Where Have All the Blockbusters Gone?

Last Updated Sep 13, 2010 5:37 PM EDT

If recessions are good for anyone, they're supposed to be good for the entertainment business as shattered, dispirited citizens take refuge from the real world by losing themselves in books, movies and magazines. This time around, however, the recession surge has run against the riptide of secular, technological change. Digitization continues to change the way viewers consume media even as their appetite increases.

Domestic movie ticket sales peaked in the U.S. in 2002, the trough year of the dotcom boom blowback. Following that pattern, 2009 saw a 5% pop from the previous year. In 2002, Spiderman was the driver of sales; last year it was Avatar.

This year, the NYT reported last week, was a blockbuster-less summer -- despite record temperatures and plenty of double-dip jitters. Many films performed solidly, but none turned into blockbusters with opening weekends that can drive moviegoers like lemmings:

Some studios were burned over the summer by pushing too hard to "eventize" movies. Walt Disney Studios, for instance, trumpeted May 28 in enormous red lettering on virtually every piece of advertising for "Prince of Persia: The Sands of Time." The goal was to blast the film's opening date into the minds of consumers, but instead the tactic drove expectations so high that "Prince" was quickly branded a bomb despite selling $330 million in tickets at the global box office.
Consumers still have a yen for entertainment but it does seem that their consumption habits are shifting.There's no evidence that what ails the summer box office is the tablet computer, or even the monster plasma screen at home, although we are beginning to see trends that validate Chris Anderson's famous thesis about the Long Tail.

Anderson speculated as the country came out of the last recession that blockbuster hits would lose their importance and a broader, deeper selection of cultural content -- distributed nearly without effort -- would take its place. Over the last five years, it didn't seem that Anderson's predictions would come true.

Opening up distribution had the reverse effect. Free content flooded the web but produced few sustainable revenue streams to fertilize or sustain hundreds of thousands of blooming content producers. The top of the entertainment food chain -- books, movies and magazines -- redoubled their emphasis on the familiar and sure-fire. Entertainment became a steady diet of celebrity profiles, comic book franchise movies and brand name authors.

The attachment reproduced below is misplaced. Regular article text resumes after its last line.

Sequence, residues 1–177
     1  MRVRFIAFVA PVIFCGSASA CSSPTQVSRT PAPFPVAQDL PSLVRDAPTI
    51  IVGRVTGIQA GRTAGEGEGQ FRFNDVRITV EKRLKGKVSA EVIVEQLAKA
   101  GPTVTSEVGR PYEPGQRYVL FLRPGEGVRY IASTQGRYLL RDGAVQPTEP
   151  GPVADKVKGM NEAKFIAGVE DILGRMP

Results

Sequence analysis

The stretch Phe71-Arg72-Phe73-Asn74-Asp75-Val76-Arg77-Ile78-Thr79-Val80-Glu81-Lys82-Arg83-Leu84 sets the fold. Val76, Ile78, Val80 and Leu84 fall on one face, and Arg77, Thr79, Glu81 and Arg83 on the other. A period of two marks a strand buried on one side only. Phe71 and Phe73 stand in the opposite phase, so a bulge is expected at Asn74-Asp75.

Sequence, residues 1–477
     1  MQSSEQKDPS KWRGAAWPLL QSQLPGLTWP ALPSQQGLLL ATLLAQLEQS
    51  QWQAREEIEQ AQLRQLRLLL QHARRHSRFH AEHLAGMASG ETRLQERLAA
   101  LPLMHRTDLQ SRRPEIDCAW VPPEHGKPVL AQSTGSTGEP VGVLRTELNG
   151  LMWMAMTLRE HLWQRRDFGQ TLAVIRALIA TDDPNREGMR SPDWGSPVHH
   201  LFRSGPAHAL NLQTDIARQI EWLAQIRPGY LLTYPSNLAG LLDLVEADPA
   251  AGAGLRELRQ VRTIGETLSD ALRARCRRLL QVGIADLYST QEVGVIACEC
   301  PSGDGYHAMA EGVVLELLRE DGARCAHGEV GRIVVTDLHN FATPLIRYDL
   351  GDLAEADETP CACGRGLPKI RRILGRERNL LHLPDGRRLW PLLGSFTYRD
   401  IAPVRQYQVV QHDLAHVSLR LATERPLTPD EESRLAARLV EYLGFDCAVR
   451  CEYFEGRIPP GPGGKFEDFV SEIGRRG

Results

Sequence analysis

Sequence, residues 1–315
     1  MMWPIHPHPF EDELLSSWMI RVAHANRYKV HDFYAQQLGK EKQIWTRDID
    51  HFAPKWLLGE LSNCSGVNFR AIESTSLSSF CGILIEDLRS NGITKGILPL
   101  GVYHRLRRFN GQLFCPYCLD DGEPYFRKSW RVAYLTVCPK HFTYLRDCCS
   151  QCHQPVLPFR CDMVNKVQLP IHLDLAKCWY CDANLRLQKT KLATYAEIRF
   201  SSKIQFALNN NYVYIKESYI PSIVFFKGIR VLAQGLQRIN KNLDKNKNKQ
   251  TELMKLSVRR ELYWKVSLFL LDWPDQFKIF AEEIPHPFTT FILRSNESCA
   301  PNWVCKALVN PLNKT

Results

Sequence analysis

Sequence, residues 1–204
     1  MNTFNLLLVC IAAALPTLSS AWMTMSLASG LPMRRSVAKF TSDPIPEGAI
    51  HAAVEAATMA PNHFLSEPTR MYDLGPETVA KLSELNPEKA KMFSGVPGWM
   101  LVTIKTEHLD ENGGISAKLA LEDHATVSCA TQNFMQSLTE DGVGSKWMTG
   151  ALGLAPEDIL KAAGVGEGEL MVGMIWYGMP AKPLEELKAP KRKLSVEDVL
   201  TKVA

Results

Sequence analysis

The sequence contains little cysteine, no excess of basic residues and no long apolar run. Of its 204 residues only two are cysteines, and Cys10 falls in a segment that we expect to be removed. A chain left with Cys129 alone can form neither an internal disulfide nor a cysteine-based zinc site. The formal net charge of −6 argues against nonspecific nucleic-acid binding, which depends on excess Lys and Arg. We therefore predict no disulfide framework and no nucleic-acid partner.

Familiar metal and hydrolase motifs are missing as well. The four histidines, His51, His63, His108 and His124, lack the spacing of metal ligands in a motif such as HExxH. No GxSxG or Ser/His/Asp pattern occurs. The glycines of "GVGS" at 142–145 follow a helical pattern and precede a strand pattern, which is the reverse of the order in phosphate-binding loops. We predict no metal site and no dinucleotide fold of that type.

Barnes explains in the Times story that top 3 movies were all franchise installments:

The No. 1 movie of the summer had no stars, at least on screen: "Toy Story 3" topped the North American box office with over $405 million and had a global total of over $1 billion. "Iron Man 2" was second, with $312 million ($622 million total), and "The Twilight Saga: Eclipse" was third, with $298 million ($655 million total).
As the Twilight books and movies show, even when new talent and fresh ideas came to the fore, the magnifying effect of the new media where everything is visible from everywhere means few successes remain anything but hits. If the Long Tail was true, it seemed, there was a divide between hits which were the content consumers would pay for and the Long Tail, which was content that got distributed for free (the subject of Anderson's second book.)

At least, that's the way trend was running. As another story that ran on Labor Day shows, however, there are beginning to be signs that the Long Tail may eventually make room for small or medium-sized players to make money.

Jenna Wortham drew attention to the multi-media musicians behind the "Bed Intruder Song," which had made the leap from pop culture curiosity to the Billboard Hot 100. With 91,000 sales on iTunes, the Gregory Brothers are hardly in Justin Beiber's league, but they're making money and gaining prominence. How far can they take it and how long will it last? Who knows. But the Gregory Brothers are hardly the only ones to cross the divide from free to revenue generating.

Bieber himself was a hybrid success story, having been discovered on You Tube but managed and promoted by serious players in the music business. Lucas Cruikshank, the annoying kids sensation who records videos as Fred Figglehorn, built himself into the first You Tube channel with 1 million subscribers and then produced a movie for Nickelodeon. The Annoying Orange -- whose creators sell a range of t-shirts -- seems to be moving toward a merchandising strategy for monetizing that phenomenon.

No one is saying that this kind of success is easy to replicate or offers a legitimate opportunity that is more reliable than a lottery ticket. But it does show that Anderson's predictions might just need time to come true, as more and more content creators become comfortable being the masters of their own digital destinies and monetization channels like iTunes become more accessible to those creators.

What the Long Tail lacked was an agreed-upon method for selling digital content. The Gregory Brothers show us that consumers are gravitating toward Apple's solution. The company's latest push into making iTunes easily viewable on television sets opens up the movie business to a further assault on attendance. Now all iTunes needs is a homegrown hit.

Image via Flickr user x-ray delta one, CC 2.0